FRIDAY, NOVEMBER 16, 1888
MARLBOROUGH-STREET. - WHITECHAPEL SCARE. Jane Hickie, general dealer, was brought up for being drunk and disorderly in Tottenham-court-road last night. - The evidence was that about ten o'clock a large crowd collected owing to the woman accusing a gentleman of being "Jack the Ripper." She insisted on his being taken to the station, and behaved so badly that she was obliged to be removed by force. - The prisoner, in her defence, said that a gentleman with a coat on his arm and a black bag in his hand accosted her, and asked her to accompany him into a passage. When she saw the man's face she felt so frightened that she rushed into Tottenham-court-road, where she believed she saw the man again, and asked a policeman to take him into custody for being "Jack the Ripper," but the officer would not do so. She, in consequence, became very excited, and having had a little drink, scarcely knew what she was about. - Mr. Newton ordered her to pay 10s, or go to prison for seven days, remarking that a stop must be put to scares of that kind raised without foundation.
LAMBETH. - EXTRAORDINARY CONDUCT. - John Benjamin Perryman, 40, hairdresser, living in Pennethorne-road, Peckham, was charged before Mr. Partridge with being drunk and disorderly in Old Kent-road. - On Wednesday night Detectives Leek and Reed were in the Old Kent-road, and, hearing a disturbance, went to the spot. They found the prisoner surrounded by a crowd, and it was feared he would be roughly handled, as he had declared himself to be "Jack the Ripper." The officers ascertained that when making the statement he acted in a most violent manner. He flourished his arms about and exhibited a black leather bag, about which he made some remarks. He caught hold of several females, and caused considerable alarm. The officers, after much difficulty, got the prisoner to the station, being followed by an excited mob. At the station the bag carried by the accused was searched, and in it were found two pairs of scissors, a dagger and sheath, and a life preserver. - Mr. Partridge asked if the prisoner could account for carrying these things about, and he said he was going to have them ground. - It was further stated that he was known as the "mad barber of Peckham." - His sister said he had been intoxicated for a long time. She knew he had a dagger, but for what purpose he kept it she was not aware. - Mr. Partridge remanded the defendant, observing that if he was not right in his mind it would, perhaps, be necessary to send him to an asylum. - The prisoner, who seemed to treat the matter as a joke, then asked to be allowed out on bail, but Mr. Partridge declined to accede to his request.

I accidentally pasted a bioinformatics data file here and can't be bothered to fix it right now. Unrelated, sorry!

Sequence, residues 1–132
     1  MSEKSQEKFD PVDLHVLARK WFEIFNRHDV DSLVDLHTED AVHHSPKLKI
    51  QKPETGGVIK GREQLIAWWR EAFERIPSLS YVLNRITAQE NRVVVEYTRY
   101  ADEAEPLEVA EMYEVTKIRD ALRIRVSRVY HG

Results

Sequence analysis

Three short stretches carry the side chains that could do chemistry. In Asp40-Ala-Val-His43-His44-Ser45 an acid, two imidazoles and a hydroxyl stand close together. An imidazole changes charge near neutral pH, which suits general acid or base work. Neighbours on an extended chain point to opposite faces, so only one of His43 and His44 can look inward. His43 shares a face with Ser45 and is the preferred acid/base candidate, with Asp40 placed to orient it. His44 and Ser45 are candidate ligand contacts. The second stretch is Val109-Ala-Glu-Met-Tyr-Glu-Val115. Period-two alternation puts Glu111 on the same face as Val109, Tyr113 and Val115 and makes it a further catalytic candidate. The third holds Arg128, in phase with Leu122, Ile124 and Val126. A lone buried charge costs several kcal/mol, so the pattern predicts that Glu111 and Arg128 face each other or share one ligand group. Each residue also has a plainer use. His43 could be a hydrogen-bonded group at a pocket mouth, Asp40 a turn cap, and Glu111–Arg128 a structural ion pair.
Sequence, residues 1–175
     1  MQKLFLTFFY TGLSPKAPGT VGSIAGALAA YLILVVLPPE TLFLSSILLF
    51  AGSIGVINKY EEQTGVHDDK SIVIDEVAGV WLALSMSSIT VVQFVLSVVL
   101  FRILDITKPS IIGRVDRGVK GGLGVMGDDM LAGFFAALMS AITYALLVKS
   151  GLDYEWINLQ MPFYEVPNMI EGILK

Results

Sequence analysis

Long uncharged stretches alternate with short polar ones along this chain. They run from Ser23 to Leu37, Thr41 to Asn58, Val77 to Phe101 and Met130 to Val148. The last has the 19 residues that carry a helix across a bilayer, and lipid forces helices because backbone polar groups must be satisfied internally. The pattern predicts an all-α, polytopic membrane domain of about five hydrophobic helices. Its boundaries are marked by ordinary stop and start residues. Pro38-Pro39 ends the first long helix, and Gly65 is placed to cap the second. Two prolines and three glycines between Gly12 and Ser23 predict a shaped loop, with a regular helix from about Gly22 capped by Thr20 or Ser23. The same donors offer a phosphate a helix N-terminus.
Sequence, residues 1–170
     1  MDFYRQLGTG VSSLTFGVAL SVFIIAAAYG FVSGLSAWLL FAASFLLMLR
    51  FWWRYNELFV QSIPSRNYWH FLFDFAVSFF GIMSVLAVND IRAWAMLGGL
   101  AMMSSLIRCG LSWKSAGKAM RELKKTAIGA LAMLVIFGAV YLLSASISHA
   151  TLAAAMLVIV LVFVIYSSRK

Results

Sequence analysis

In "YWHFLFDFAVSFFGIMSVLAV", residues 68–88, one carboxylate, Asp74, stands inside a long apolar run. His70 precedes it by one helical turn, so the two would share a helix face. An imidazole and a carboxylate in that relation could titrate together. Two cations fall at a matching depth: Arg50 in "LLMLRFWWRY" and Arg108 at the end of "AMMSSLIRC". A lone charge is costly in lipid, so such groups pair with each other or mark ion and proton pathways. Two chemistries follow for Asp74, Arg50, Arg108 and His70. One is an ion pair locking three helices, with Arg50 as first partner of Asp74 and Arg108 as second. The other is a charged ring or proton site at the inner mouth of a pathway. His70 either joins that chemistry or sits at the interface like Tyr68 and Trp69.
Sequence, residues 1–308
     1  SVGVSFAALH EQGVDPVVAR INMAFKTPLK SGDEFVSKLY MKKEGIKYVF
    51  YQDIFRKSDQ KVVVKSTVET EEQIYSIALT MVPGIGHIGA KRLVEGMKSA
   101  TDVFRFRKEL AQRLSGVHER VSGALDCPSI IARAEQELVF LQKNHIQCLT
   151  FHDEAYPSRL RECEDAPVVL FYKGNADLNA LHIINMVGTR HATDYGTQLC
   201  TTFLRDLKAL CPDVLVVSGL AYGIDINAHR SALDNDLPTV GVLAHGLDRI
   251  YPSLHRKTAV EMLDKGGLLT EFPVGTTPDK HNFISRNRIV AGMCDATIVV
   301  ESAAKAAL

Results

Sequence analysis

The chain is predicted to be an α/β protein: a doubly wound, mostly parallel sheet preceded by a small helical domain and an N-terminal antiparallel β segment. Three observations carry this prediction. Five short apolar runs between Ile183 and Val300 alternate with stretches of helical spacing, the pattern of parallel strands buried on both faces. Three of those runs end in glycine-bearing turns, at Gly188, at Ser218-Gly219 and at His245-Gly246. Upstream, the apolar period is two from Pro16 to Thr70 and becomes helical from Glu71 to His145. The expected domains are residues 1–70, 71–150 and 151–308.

At Southwark Police-court, yesterday, Collingwood Hilton Fenwick, twenty-six, described as of no occupation, but said to be of independent means, was charged before Mr. Wyndham Slade with stabbing Ellen Worsfold, an unfortunate.